TIP: Learn about how induction and deduction work. The certain proofs are deductive, the likely proofs are inductive.

The Absence of Evidence and the Evidence of Absence – What Do People Mean When they Say “You Can’t Prove a Negative”?

In general, and putting aside those who misunderstand the concept, when people use the phrase “you can’t prove a negative” they mean: we can’t prove negatives with certainty based on the absence of evidence alone (the absence of evidence is not necessarily the evidence of absence).

For example, having no proof of Bigfoot doesn’t prove that he isn’t real with certainty.

Likewise, it is hard to provide proof that a giant flying invisible pink unicorn name Terry-corn isn’t… because it isn’t and thus our best evidence is the absolute lack of evidence.

We can only “prove” that which there is no evidence for with a high degrees of probability (by considering the lack of evidence and some rules of logic).

With that in mind, and as noted above, we can’t actually prove positives very well either.

Most proofs (positive or negative) rely on inductive evidence, and induction necessarily always produces probable conclusions.

In other words, if we had Santa on tape admitting he was Santa it would still only be very strong evidence (it wouldn’t prove he Santa was real with certainty; our senses could be tricking us, the video could be fake, we might be in the Matrix, etc).

Absence of evidence and the evidence of absence: Absence of evidence is an ambiguous term. If it is absence from ignorance, in that no one has ever carefully studied the matter, then it means next to nothing. If it is absence despite careful empirical study done in-line with the scientific method, then the absence of evidence itself can be considered a type of scientific evidence. If we inspect the room over and over and there is never any mice in the room, we can conclude with a high degree of certainty from the absence of mice that the room is not infested with mice. Here absence of evidence (or “the evidence of absence despite our looking for it” more specifically) is a type of evidence. If we keep checking and don’t see evidence of Santa, we can be highly confident that there is no Santa. See “Evidence of absence.”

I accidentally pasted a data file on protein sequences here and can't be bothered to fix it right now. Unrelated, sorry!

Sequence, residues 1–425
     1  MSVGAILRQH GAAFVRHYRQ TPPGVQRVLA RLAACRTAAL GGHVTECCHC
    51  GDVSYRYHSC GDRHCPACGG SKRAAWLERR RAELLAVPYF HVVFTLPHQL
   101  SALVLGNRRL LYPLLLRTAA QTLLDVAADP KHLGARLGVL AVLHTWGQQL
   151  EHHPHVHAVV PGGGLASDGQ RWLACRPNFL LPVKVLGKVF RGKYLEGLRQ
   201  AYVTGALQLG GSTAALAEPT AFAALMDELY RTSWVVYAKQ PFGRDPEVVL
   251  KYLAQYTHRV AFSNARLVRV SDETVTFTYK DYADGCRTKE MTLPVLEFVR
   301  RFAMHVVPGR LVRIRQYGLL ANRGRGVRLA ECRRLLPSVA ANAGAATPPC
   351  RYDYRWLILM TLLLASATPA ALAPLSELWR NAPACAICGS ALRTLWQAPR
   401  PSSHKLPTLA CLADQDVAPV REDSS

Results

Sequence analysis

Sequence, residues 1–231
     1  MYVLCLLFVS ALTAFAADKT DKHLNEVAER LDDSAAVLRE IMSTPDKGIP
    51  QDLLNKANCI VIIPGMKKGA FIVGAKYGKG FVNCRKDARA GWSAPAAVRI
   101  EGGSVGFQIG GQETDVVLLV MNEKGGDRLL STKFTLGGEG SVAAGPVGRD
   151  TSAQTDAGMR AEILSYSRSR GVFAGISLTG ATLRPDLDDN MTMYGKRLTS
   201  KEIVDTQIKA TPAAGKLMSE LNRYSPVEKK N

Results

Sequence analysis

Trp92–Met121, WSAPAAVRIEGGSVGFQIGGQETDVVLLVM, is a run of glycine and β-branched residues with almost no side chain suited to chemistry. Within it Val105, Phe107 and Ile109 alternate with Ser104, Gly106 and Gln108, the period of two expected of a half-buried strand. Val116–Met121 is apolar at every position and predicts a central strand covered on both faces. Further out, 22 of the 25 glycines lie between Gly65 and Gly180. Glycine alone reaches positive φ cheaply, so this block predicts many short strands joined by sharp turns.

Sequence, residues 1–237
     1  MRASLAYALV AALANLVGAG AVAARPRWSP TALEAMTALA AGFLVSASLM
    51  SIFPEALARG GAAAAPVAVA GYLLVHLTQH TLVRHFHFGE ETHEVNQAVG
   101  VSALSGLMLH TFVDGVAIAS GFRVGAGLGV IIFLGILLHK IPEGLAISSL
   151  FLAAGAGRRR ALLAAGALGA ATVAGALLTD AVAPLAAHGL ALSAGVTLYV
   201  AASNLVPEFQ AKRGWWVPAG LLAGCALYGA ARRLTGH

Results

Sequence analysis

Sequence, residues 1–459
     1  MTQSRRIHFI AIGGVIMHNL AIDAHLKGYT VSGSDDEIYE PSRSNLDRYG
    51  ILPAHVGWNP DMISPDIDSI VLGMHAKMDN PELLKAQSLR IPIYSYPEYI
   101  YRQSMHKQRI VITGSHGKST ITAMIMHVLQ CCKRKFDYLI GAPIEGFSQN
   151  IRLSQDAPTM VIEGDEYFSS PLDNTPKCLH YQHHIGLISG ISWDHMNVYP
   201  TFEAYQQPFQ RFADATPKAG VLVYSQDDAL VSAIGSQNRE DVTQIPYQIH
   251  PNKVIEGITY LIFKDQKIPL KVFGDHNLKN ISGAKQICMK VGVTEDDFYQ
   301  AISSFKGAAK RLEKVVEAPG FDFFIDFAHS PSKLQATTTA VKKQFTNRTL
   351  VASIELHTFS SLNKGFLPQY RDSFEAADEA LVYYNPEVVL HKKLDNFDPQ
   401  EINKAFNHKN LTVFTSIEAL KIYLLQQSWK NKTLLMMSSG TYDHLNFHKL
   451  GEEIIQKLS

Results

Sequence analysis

The Bottom Line on Proving Negatives

The bottom line here is:

  1. We can actually prove some negatives with certainty (using deduction), and generally speaking this type of proof is a foundational aspect of logic.
  2. “The Absence of Evidence is not the Evidence of Absence”… although it is often a really, really, strong hint (the same works for correlation and causation). In other words, a lack of evidence is a sort of evidence, but it doesn’t prove anything with certainty.
  3. As far as induction goes, “really strong hints” with “lots of logical truths backing them up”… are types of “proofs” (putting aside the definition of mathematic proof and treating proof as ” sufficient evidence or a sufficient argument for the truth of a proposition.”)[5]

For one last example before moving on:

If we know Ted must be in Room A or Room B, and we have always seen Ted in Room A, and Ted never has gone into Room B and doesn’t have a key to Room B, and no person in the history of humankind has ever provided evidence of Ted being in Room B, we can be very confident in a logical inductive argument that concludes with a very high degree of certainty that Ted is in Room A.

In these ways, “we can prove a negative… just not with certainty in some cases” (although, again, we can’t prove much with certainty outside of “tautological and analytic statements a priori” anyway).

TIP: For more reading, see: “You Can Prove a Negative ” Steven D. Hales Think Vol. 10, Summer 2005 pp. 109-112.

James Randi Lecture @ Caltech – Cant Prove a Negative. Skepticism is very useful, here is a good discussion on the ways in which we should understand the truth behind the “you can’t prove a negative” idea.

What Does Proving a Negative Mean?

With the above introduction covered, let’s start at the beginning again and cover some details.

So first, “what does proving a negative mean?”

It means proving something isn’t true. For example, “proving Santa Claus doesn’t exist.”

If Santa did exist, you could find evidence and prove it, but because [spoiler] he doesn’t, you can’t find evidence to prove it. There is an “absence of evidence.”

How to Prove a Negative

Now that we know the task and have the basics down, let’s discuss how to prove a negative and the ways in which we can and can’t prove negatives.

To do that, let’s answer an important related question, “what is the law of contradiction / non-contradiction?”

The law of contradiction / non-contradiction states that a proposition (statement) cannot be both true and not true (that nothing can be both true and false).

…in other words, one of the fundamental laws of logic (the laws of thought featured below) is a provable negative proposition (and is thus an example of proving a negative).